Vermont Yankee

Demolition begins on the east cooling towers at the Vermont Yankee Nuclear Power Plant, in Vernon in July of 2019. The plant was shut down in December of 2014.

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MONTPELIER — The House of Representatives has agreed to changes in the Nuclear Decommissioning Citizens Advisory Panel as part of a miscellaneous energy bill approved on a second reading vote Friday.

The bill, H. 431, provides the advisory panel — established for community oversight of the former Vermont Yankee nuclear power plant in Vernon — up to $35,000 annually, paid by the plant’s owners, for the panel’s operating expenses.

That amount would allow for the panel to hire consultants if needed, explained Rep. Katherine Sims, D-Orleans-Caledonia, who presented the bill to members. It passed on a voice vote.

The proposal also removes membership on the panel from the International Brotherhood of Electrical Workers (IBEW), as there are no longer workers represented by that union employed on the site. It adds a seat for the town of Vernon, where the former plant is located. And it renders seats for representatives from New Hampshire and Massachusetts optional, as those states have not appointed members in some time.

The bill also clarifies the role of the Department of Public Service in investigating accidents occurring on utility infrastructure, sets policy governing energy storage facilities, and exempts the details of utility cybersecurity programs from the state’s public records law.

Education bills pass

The House also gave final approval to three education bills: A community schools pilot program allotting federal funds for the hiring of coordinators in 10 districts; a federal grant-funded literacy program focused on literacy instruction in early elementary grades; and a re-establishment of the state’s school building assistance program which has been dormant since 2007.

Rep. Linda Sibilia, I-Windham-Bennington, said she wanted to support the bill. But she said she would not out of concerns that costs expected to be paid by districts, including the development of a facilities plan and the designation of a facilities manager, could push poor and rural districts into the excess spending penalty.

“I hope to get to a yes,” Sibilia said.

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The community schools bill appeared to hit a bump in the road when Rep. Lucy Rogers, D-Lamoille 3, inquired about proposing an amendment just as Speaker Jill Krowinski was about to call the third reading voice vote.

After a brief recess, Rogers explained she considered proposing an addition to the grant requirements assuring preference for districts with the greatest social and economic needs. But Rogers said she was satisfied, following a discussion with the Education Committee, that the existing bill would address her concerns.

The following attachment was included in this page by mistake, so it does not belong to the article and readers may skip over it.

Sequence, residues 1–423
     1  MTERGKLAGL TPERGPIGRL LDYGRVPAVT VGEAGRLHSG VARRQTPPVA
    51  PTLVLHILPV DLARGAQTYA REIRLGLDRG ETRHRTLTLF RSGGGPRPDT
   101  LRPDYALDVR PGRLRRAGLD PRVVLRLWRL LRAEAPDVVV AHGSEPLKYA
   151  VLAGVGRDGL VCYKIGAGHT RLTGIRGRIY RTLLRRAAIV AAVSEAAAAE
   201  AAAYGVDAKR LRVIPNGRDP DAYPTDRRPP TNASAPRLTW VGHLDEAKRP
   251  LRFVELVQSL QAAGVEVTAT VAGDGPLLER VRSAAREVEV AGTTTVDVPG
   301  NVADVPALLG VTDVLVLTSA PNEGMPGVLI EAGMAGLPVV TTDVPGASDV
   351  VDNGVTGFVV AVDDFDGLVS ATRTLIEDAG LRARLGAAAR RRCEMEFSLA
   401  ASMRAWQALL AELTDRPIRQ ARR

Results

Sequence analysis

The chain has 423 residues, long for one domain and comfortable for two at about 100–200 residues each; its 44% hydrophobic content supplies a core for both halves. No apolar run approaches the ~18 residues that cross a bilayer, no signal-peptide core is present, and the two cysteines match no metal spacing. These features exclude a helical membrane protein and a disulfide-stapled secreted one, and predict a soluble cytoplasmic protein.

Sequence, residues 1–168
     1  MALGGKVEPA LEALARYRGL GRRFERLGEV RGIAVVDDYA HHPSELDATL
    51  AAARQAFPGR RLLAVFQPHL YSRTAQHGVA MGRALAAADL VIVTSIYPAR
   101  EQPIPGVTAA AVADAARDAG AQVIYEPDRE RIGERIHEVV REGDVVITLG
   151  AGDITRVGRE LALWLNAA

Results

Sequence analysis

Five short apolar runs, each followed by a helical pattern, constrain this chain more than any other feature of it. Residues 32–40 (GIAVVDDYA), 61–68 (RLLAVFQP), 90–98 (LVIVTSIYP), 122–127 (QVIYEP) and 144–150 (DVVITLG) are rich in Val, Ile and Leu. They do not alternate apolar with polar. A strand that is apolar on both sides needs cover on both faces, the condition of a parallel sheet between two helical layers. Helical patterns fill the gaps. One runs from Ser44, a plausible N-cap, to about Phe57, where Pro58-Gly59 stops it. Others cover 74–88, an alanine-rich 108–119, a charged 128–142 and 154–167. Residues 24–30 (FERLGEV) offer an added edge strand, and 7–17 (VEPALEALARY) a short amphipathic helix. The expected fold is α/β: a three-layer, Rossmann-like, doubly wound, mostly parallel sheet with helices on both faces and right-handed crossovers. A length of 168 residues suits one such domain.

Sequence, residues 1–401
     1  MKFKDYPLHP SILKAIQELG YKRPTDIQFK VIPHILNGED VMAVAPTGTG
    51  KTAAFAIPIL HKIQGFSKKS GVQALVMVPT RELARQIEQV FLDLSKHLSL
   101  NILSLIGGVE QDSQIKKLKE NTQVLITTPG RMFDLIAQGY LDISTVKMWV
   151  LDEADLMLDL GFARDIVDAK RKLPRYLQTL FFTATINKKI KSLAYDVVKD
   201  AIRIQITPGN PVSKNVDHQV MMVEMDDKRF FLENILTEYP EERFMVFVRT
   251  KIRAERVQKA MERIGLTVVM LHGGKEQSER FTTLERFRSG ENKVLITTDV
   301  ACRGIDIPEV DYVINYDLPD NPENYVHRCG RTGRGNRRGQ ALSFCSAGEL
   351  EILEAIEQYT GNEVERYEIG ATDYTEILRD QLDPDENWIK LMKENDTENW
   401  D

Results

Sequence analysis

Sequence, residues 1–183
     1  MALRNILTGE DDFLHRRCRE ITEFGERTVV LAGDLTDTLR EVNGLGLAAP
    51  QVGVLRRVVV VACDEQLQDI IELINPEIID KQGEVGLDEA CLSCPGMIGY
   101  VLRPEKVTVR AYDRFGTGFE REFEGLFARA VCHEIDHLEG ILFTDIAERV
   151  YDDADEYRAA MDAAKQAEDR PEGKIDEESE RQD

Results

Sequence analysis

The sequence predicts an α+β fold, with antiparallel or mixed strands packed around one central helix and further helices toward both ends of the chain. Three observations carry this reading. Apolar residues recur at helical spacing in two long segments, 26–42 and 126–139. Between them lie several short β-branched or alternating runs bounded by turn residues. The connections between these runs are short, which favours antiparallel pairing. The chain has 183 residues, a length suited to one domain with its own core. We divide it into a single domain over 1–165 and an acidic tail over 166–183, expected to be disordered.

“I’m comfortable moving forward,” she said. “I’m supporting the bill in front of us because I think it’s an important bill.”

The House also approved a third reading of H. 218, a bill allowing raw milk to be sold at farm stands and Community Supported Agriculture (CSA) programs within 30 miles of where the milk was produced.

That approval came after an amendment by Rep. Carl Rosenquist, R-Franklin 1, which would require testing for human pathogens including E.coli, salmonella, Llisteria and campylobacter was voted down.

Rosenquist said not testing for those bacteria is a disaster waiting to happen. “It’s hard to understand why the cost of testing or protection is not worthy of being considered,” he said.

But bill sponsor Rep. Heather Surprenant, D/P Windsor 4-1, and House Agriculture Committee Chairperson Carolyn Partridge, D-Windham 3, were among members saying the testing and protections already in the raw milk sales program have proven effective. Partridge said that Rosenquist’s proposal was “not reasonable not feasible time-wise or cost-wise, and ... not realistic.”

Also passing on third reading on Friday was H. 313, a bill making miscellaneous changes to the state’s alcoholic beverage laws. It authorizes the Board of Liquor and Lottery and local commissioners to allow certain licensees to sell beer, wine and spirits for off-premises consumption, as long as they are accompanied by a food order. It further allows curbside pickup of unopened containers of alcoholic beverages permitted for sale under license.

Greg Sukiennik covers Vermont government and politics for New England Newspapers. Reach him at gsukiennik@reformer.com.


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